Lee Spencer, 49, arrived in Cayenne, French Guiana 60 days after setting off from Portimao, Portugal — beating the able-bodied record for an east-to-west crossing by a whopping 36 days.
HE’S ONLY JUST GONE AND BLOODY DONE IT! Lee has smashed the able-bodied record for rowing the Atlantic, solo, from mainland Europe to mainland South America, by a whopping 36 days #NotDefinedByDisability
“It’s just beginning to sink in that I’ve got the record,” Spencer told Sky News after his epic journey. ” … The thing that kept me going has been proving that no one should be defined by disability and no one should be defined by something they’re not good at.”
Spencer served 24 years in the Royal Marines and completed three tours of duty in Afghanistan as well as one in Iraq,according to the BBC. He lost his right leg below the knee in 2014 when he was struck by debris while helping a driver who had wrecked on the side of the M3 motorway in southern England.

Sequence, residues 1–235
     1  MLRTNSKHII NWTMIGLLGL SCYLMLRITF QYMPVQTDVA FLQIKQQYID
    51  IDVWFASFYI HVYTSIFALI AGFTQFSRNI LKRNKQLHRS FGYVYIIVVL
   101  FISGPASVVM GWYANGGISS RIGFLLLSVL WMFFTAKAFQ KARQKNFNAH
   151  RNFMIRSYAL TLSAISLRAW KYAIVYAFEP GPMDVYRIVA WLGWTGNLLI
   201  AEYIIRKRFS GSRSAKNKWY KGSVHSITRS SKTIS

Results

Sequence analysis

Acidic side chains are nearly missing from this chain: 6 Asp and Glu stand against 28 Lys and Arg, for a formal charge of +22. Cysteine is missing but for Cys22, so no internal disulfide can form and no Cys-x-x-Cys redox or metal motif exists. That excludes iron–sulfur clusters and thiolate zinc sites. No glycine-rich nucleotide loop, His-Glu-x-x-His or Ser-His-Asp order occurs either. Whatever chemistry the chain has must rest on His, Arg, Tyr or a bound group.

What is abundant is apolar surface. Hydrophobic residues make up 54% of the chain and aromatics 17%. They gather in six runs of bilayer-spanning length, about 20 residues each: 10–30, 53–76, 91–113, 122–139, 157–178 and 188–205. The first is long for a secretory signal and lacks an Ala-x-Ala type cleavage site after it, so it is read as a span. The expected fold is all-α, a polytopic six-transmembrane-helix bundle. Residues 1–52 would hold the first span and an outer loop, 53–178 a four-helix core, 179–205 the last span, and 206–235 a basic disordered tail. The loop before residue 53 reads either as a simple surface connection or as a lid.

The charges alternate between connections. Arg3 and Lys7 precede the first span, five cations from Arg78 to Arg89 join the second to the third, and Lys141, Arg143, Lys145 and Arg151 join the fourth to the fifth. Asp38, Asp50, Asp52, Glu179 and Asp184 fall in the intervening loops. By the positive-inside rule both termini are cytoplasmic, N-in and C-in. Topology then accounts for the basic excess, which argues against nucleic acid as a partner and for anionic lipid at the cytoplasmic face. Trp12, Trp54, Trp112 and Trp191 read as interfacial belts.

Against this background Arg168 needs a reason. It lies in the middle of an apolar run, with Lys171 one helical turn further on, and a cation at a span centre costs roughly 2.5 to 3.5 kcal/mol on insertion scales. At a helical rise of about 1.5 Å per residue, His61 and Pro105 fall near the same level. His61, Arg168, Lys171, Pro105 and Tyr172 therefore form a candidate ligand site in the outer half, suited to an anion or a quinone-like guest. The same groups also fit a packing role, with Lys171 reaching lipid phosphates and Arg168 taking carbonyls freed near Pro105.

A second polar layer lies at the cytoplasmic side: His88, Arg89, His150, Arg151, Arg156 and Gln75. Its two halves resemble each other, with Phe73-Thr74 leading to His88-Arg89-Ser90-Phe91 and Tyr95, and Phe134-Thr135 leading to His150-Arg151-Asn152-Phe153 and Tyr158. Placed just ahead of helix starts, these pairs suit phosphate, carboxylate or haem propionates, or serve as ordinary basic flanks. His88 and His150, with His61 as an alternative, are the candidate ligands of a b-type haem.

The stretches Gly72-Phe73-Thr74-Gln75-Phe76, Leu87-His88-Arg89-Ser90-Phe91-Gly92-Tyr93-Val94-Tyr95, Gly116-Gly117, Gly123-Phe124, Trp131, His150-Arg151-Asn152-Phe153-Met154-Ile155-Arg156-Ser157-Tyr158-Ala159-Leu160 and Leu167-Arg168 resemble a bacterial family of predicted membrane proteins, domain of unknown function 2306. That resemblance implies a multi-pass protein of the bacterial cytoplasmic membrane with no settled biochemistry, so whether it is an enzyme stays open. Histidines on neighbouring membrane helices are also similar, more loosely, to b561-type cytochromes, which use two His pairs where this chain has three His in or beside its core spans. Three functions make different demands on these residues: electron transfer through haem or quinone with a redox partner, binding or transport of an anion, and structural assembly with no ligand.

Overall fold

Spencer told Sky News that he had spotted sea turtles, sharks, dolphins and sperm whales during his journey, which he undertook to raise money for two charities: the Royal Marines Charity and the Endeavour Fund, which assists injured British servicemen and women.
“Bits of it were amazing, and bits of it were a bit traumatic and tricky,” said Spencer, who had to stop in the Canary Islands early in his journey to replace his craft’s navigation system.
According to Sky News, Spencer has raised 49,000 British pounds (approximately $64,400) for the two charities.